If someone invites you to witness one of the best touring bands perform at one of the smallest venues in your city—right after their two-night, sold-out residency at the legendary Ryman Auditorium in Nashville—you drop everything and go. And so we did.
Sunday night's "An Evening with Dawes" at Revelry Room in Chattanooga was a nearly sold-out, intimate concert with a band I've seen three times before. It had been several years since my last Dawes show—they opened for and served as the backing band for Conor Oberst at Track 29 in 2014. The latest concert revealed an energized, wildly different-sounding (in a good way) band than what I'd seen before. It was more than a treat to witness for all those in attendance.
Click here for a full setlist.
When someone asks me to describe Dawes, I usually say something like "Jackson Browne with an edge" or "mindful '70s folk-rock." With the caveat being that while the albums are good, there is no better way to experience Dawes than a live show. I was concerned that after two nights at the Ryman they might not have enough in the tank for a full effort at Revelry Room, but from the first note I knew we were about to witness something special.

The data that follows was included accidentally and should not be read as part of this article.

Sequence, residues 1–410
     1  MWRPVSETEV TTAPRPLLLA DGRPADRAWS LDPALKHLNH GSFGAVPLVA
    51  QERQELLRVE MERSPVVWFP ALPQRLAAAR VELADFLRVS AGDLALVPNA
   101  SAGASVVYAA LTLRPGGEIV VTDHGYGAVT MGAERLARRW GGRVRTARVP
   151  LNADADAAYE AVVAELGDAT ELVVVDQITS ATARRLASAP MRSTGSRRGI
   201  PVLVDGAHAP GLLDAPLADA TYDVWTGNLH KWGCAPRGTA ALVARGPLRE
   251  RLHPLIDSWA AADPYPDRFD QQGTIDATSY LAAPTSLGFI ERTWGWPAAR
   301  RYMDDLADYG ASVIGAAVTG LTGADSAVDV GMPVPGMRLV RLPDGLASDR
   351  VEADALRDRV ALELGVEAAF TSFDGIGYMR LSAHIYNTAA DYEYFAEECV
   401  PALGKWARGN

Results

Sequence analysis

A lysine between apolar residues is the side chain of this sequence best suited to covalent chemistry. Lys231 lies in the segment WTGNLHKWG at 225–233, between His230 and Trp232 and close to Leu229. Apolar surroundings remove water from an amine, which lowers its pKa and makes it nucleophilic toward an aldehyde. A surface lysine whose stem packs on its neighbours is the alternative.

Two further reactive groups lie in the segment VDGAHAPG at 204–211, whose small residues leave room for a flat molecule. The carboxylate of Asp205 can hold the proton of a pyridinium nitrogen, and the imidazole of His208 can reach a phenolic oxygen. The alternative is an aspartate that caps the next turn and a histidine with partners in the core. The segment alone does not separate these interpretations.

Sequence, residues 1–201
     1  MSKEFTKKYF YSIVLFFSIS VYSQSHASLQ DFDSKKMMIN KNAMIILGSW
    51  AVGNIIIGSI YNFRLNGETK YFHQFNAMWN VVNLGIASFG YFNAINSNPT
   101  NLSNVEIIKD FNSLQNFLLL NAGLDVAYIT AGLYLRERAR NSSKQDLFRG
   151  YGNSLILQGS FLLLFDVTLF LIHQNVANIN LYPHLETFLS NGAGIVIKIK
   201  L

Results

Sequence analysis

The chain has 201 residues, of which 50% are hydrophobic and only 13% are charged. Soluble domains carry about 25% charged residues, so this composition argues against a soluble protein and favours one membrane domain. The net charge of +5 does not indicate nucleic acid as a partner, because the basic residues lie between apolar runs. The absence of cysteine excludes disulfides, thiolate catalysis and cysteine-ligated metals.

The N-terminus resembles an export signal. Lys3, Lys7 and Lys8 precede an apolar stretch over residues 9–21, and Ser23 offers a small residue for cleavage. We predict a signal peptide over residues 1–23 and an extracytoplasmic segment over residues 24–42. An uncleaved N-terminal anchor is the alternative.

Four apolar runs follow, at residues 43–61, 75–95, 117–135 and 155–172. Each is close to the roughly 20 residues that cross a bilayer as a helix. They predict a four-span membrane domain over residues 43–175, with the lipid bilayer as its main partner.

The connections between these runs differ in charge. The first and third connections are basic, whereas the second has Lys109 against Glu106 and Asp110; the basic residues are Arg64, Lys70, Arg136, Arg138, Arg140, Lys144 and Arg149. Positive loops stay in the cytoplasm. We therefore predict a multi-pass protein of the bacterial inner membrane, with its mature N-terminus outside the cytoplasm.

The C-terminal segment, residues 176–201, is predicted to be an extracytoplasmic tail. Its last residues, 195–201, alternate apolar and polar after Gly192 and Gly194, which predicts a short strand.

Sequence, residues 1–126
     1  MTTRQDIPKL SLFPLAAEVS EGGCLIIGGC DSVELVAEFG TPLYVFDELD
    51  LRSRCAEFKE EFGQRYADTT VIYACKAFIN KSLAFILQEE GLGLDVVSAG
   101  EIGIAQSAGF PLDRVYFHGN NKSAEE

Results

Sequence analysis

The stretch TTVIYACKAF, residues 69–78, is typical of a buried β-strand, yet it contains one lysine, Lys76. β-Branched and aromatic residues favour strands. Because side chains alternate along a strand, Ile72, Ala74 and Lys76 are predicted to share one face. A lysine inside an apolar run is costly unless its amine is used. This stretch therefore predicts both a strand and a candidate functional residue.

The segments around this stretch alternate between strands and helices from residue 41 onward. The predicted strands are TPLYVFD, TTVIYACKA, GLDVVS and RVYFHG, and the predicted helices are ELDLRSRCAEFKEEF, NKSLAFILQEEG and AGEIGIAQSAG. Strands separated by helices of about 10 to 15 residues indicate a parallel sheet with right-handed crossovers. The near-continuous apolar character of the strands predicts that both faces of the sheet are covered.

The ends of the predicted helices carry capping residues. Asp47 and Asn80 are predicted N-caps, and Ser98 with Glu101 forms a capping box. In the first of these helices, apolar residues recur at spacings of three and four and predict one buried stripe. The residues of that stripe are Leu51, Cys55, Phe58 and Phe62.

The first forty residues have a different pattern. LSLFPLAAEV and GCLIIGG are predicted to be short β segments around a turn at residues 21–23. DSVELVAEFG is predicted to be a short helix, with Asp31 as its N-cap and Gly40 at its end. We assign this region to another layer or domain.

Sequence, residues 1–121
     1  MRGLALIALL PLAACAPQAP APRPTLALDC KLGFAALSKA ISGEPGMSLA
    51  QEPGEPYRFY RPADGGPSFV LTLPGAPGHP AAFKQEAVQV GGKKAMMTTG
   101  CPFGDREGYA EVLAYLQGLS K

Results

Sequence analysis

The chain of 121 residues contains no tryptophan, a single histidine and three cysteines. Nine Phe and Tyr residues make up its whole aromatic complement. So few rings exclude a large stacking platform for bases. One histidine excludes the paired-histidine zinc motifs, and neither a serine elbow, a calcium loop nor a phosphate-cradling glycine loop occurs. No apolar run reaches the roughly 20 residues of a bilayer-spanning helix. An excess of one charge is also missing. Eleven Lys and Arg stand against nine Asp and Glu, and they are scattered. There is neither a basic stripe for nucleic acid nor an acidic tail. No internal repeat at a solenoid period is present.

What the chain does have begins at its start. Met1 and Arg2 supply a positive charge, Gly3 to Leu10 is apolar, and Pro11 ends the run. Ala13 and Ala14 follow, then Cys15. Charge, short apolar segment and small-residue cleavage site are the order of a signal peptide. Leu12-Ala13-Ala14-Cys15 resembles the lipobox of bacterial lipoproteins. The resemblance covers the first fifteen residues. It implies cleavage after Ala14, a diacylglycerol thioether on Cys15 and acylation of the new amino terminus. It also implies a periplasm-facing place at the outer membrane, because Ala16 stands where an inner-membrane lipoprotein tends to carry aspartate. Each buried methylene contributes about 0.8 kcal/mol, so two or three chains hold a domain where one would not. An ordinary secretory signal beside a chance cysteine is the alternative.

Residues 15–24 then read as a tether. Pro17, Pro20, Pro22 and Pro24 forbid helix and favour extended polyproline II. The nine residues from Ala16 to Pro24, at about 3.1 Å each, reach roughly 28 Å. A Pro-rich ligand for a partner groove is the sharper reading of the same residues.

Dawes, a Los Angeles-based American folk-rock band, are currently on tour in support of their 2016 album "We're All Gonna Die," a record that found the band trading the Laurel Canyon sound of their previous albums with a much more synthesized, keyboard-heavy and dreamy sound. Honestly, I was convinced the band had blown everything when I first heard the single "When the Tequila Runs Out." However, I trusted Goldsmith knew what he was doing. You kind of have to let artists do their thing and appreciate everything, even if it's not for you.